The minimum age at which a federal employee may retire is under the Federal Employees Retirement System (FERS) and allows for a retirement age lower than 65.
The minimum age will establish the point at which a person can retire when they have completed sufficient years of service: this may vary depending on the employee’s year of birth.
Understanding the minimum retirement age
When talking about the minimum retirement age for an eligible employee, the reference is 57 years old. However, it should note that this average depends on birth year. Retirement at age 57 is possible for people born after 1970.
However, if the worker was born before 1948, the retirement age was 55. When the worker was born in 1963 or 1964, the retirement age was 56. That implies that workers born before 1963 were able to have their minimum retirement age before 2019.
What is the federal retirement age calculation, and how to understand it?
As we indicated above, the minimum retirement age for a federal employee abides by the Federal Employees Retirement System (FERS).
The retirement calculation in this system is based on a fairly common rule when it comes to computing how a person can retire: it is what is called the Rule of 80. According to this formula, the combined 80 years must be reached when age and federal service rendered is added: it is then when can realize retirement.
For example, we could say that a person who starts working in Federal service at age 25 and works 28 years until age 53 has already reached the Rule of 80 (in fact, the sum of 53 + 28 would result in 81). However, here comes into play the application for minimum retirement age. If you applied the minimum retirement age rule at age 57, you would still have four years of work remaining. He would have slightly less since time fractions are counted.
Suppose an employee wishes to retire as soon as he/she becomes eligible. In that case, the system allows for six more years of contributions on his/her part and the waiver of six years of annuity payments: they would have to wait until the minimum retirement age is reached.
The possibility of retiring at the minimum age does not mean you are required to do so. Under the rules of the Social Security Administration, it is possible to retire early at age 62. Many federal employees retire at age 60 even when they are eligible to do so earlier.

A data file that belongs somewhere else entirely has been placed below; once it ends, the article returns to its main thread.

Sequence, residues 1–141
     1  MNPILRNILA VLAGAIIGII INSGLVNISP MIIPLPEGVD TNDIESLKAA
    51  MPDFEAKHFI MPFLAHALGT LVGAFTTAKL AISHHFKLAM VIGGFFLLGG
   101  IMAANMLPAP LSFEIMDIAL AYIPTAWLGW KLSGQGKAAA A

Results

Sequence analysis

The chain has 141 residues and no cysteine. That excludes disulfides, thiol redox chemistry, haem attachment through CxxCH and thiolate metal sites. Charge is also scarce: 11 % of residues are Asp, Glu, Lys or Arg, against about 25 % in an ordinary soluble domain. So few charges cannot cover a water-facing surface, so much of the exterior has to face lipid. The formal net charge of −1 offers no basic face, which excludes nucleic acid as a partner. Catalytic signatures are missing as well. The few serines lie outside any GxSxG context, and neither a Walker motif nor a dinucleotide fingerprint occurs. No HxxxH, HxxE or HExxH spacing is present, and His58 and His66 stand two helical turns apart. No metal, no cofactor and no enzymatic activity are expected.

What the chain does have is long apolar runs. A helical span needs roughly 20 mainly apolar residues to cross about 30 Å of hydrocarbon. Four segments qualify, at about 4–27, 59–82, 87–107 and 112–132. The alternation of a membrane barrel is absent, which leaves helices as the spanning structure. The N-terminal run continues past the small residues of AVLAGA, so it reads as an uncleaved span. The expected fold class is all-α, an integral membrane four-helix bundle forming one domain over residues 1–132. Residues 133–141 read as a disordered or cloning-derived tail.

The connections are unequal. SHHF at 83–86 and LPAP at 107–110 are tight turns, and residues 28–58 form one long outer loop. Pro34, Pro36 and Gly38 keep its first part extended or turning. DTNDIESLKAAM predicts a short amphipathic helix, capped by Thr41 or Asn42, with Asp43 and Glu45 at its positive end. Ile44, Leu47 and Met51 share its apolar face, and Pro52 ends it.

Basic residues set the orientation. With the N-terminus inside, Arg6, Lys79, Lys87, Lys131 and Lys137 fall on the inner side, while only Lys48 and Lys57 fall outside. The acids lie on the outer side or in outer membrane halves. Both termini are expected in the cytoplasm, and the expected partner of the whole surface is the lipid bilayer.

Different retirement scenarios
It is important to remember that there are different keys and scenarios to try to understand some other retirement models.
For example, involuntary separation from work may occur along with reducing or reorganizing federal labor resources. In this case, it is important to meet the eligibility rules: minimum of 20 years of service and, in the case of those under age 50, a minimum of 25 years of service.
In the case of disability, must certify non-disability accommodation in regular jobs. In this case, a worker with at least 18 months of service and disability for their usual tasks is a candidate.
A relevant aspect is that workers can also delay or defer benefits. That can occur when work is stopped before an immediate retirement. In that case, it is necessary to credit at least five years or more of service with a minimum age of 62. If ten years of service are credited but less than 30, a 5% reduction is applied for each year less than 62. The exception is when 20 years of service have been reached, and the worker retires at age 60 or more.
On the other hand, in the case of retirement benefits, the worker becomes eligible within 30 days of the last employment performed. However, it will depend on previous periods of service and ages. For example, at age 62, the worker must at least accumulate five years of service.
When the minimum retirement age has been reached, it is possible to obtain benefits immediately with 10 to 30 years of service. Logically, some reductions are applied when having less than 30 years of service: specifically, a 5% reduction per year less than 62. However, there is an exception to this, i.e., having completed 20 years of service and retiring at age 60 or more.